As an indication of the sentiment about climate change, in July 2019 a Stuff survey of 15,000 readers found that New Zealanders aged between 10 and 19 rated climate change as more important than any other issue. Those young people in their 20s were also very concerned about climate change. But the level of concern with climate change decreased markedly with increasing age.
Attitudes are changing in New Zealand toward ethical investing, particularly among younger people. In recent national news, there have been examples of companies acting ethically. One such example is Wellington-based company Little Yellow Bird. Little Yellow Bird supplies over 200 organisations throughout New Zealand, Australia and the USA with their uniform needs. They act ethically and sustainably throughout the entire manufacturing chain. In addition to ensuring that their employees are paid fairly, their customers are provided with complete transparency on the company’s manufacturing process. The company is not just concerned with being a fair and transparent company; it also demonstrates a concern for the environment with respect to the plants they use. The company measures the amount of water used in the manufacturing process; it, also, does not use any plastic to pack their finished product – the uniforms.
If you would like to check for yourself how Christian KiwiSaver Scheme investments mitigate the impact of climate change or to see – as ethical investors – what we do invest in, visit other pages on our website or call us on (0508) 738 473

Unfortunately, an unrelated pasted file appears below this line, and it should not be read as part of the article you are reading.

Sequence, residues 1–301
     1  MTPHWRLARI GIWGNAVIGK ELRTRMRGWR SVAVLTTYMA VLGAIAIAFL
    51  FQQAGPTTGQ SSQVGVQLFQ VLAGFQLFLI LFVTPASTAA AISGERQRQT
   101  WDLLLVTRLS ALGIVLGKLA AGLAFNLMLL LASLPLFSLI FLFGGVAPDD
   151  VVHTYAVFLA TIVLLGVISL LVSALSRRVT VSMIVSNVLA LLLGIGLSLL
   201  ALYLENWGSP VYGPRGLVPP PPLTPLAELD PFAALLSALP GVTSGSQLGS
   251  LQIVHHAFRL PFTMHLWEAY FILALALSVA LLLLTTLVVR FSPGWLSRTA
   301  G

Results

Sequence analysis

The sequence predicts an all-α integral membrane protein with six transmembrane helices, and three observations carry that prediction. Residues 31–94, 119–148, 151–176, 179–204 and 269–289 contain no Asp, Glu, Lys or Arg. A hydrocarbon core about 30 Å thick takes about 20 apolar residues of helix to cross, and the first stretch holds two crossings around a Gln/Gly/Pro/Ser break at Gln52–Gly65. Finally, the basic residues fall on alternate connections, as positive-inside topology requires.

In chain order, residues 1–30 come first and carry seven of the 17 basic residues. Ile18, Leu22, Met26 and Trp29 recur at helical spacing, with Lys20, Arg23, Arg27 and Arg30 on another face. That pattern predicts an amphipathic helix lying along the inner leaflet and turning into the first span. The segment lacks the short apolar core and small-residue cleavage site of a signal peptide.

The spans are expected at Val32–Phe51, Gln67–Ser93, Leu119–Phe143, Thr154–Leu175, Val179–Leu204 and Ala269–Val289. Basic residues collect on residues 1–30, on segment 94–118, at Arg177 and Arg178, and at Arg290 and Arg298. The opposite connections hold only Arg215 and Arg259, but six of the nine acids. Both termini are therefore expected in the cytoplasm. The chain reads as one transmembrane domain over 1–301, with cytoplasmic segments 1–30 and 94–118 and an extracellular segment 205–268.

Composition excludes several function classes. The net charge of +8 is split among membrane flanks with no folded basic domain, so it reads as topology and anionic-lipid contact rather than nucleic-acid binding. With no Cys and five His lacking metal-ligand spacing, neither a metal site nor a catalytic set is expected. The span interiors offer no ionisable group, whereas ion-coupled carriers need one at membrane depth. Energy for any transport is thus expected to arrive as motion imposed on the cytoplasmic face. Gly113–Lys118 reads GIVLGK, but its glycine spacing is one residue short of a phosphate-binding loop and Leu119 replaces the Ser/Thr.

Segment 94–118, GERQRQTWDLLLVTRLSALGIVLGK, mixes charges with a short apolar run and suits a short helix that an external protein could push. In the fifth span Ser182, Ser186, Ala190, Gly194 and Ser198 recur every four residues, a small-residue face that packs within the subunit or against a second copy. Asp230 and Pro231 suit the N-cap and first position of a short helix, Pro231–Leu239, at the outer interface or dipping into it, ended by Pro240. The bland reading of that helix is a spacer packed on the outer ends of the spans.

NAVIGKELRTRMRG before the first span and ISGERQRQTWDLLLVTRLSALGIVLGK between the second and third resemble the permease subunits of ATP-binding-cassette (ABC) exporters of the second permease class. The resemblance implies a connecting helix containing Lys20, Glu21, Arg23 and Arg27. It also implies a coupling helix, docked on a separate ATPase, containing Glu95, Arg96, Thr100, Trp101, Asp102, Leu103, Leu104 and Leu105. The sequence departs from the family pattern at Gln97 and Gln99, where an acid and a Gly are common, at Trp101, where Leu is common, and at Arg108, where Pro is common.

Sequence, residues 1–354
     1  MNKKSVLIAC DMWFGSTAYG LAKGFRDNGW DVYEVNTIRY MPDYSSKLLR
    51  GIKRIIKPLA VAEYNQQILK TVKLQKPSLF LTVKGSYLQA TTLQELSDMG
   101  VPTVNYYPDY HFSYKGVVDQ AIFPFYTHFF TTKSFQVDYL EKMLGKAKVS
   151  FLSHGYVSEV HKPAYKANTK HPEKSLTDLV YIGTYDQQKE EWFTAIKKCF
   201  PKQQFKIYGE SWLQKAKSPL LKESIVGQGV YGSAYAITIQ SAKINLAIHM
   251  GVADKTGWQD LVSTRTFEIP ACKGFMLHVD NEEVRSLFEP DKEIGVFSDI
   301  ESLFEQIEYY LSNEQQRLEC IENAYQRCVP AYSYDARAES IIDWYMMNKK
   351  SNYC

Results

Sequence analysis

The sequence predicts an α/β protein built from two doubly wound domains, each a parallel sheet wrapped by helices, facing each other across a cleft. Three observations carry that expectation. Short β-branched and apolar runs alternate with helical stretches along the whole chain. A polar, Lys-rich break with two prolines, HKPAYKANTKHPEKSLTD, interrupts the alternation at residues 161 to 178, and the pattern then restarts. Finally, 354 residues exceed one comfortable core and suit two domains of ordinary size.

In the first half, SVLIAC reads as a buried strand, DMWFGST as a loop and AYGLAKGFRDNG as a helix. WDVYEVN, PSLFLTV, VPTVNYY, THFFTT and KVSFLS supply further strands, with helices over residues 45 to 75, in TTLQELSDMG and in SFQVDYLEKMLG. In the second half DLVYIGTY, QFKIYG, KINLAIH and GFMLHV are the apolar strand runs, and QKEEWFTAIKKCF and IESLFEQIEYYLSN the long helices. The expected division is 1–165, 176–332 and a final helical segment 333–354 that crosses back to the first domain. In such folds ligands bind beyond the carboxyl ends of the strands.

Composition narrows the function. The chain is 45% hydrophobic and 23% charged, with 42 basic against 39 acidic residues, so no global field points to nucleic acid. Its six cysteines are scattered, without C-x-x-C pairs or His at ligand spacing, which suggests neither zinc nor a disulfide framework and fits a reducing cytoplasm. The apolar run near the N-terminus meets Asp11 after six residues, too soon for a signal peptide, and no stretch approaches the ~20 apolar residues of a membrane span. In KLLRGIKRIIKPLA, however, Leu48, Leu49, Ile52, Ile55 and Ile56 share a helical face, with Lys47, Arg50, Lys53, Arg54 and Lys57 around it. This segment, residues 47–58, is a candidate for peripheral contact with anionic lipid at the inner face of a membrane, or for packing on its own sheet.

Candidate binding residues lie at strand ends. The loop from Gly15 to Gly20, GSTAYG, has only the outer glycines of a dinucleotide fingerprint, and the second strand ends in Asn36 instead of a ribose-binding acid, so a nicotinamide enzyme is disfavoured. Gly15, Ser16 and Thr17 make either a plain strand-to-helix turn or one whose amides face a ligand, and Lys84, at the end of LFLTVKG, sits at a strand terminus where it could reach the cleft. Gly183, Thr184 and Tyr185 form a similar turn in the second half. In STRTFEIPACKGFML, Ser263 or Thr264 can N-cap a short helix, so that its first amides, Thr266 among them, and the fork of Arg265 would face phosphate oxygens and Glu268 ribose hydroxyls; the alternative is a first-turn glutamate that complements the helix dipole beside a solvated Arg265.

Your KiwiSaver scheme has an interest in the Hapua Forest. 100,000 seedlings were planted this winter in the forest in the Hawkes Bay. This is the second of three plantings. Last year 62,500 seedlings were planted. Radiata pine is a versatile wood that’s easy to slice, mould, plane, glue, stain and paint. It is the world’s most widely planted softwood plantation tree and grows really well in New Zealand.
The 2019 planting happened over five days in winter and involved a crew of 36 on-site each day. The seedlings were around 30 cm tall at the time of planting. Depending on the terrain there were 750 to 950 planted on each hectare, and 117 hectares were planted. These seedlings will take up to 25 years to mature into trees for harvest.
The seedlings were provided by a family business that’s been around for decades. Growing their seedlings sustainably has been a focus for Murrays Nurseries Woodville since the nursery started. The business takes pride in investing heavily in research and development in a number of key areas to increase productivity while remaining environmentally conscious. Part of their research is into the reduction in the use of fungicides and fertilisers.